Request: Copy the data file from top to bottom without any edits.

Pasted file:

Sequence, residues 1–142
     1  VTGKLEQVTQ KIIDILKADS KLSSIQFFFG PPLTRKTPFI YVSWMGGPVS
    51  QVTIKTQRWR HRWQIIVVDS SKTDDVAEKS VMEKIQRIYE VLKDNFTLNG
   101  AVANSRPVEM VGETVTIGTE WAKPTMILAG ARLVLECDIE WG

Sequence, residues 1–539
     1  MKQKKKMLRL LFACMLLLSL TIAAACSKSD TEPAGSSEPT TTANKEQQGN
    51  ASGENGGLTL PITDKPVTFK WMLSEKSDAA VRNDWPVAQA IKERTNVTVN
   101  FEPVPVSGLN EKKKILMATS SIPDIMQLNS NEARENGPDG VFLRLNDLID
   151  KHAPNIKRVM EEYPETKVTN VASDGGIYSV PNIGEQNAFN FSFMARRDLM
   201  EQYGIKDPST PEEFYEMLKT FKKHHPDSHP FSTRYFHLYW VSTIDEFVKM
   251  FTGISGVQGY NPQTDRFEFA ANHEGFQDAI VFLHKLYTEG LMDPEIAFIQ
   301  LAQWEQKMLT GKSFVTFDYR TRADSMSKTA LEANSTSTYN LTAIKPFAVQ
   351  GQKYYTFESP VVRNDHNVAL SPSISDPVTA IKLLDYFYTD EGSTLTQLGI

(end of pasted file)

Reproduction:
Sequence, residues 1–142
     1  VTGKLEQVTQ KIIDILKADS KLSSIQFFFG PPLTRKTPFI YVSWMGGPVS
    51  QVTIKTQRWR HRWQIIVVDS SKTDDVAEKS VMEKIQRIYE VLKDNFTLNG
   101  AVANSRPVEM VGETVTIGTE WAKPTMILAG ARLVLECDIE WG

Sequence, residues 1–539
     1  MKQKKKMLRL LFACMLLLSL TIAAACSKSD TEPAGSSEPT TTANKEQQGN
    51  ASGENGGLTL PITDKPVTFK WMLSEKSDAA VRNDWPVAQA IKERTNVTVN
   101  FEPVPVSGLN EKKKILMATS SIPDIMQLNS NEARENGPDG VFLRLNDLID
   151  KHAPNIKRVM EEYPETKVTN VASDGGIYSV PNIGEQNAFN FSFMARRDLM
   201  EQYGIKDPST PEEFYEMLKT FKKHHPDSHP FSTRYFHLYW VSTIDEFVKM
   251  FTGISGVQGY NPQTDRFEFA ANHEGFQDAI VFLHKLYTEG LMDPEIAFIQ
   301  LAQWEQKMLT GKSFVTFDYR TRADSMSKTA LEANSTSTYN LTAIKPFAVQ
   351  GQKYYTFESP VVRNDHNVAL SPSISDPVTA IKLLDYFYTD EGSTLTQLGI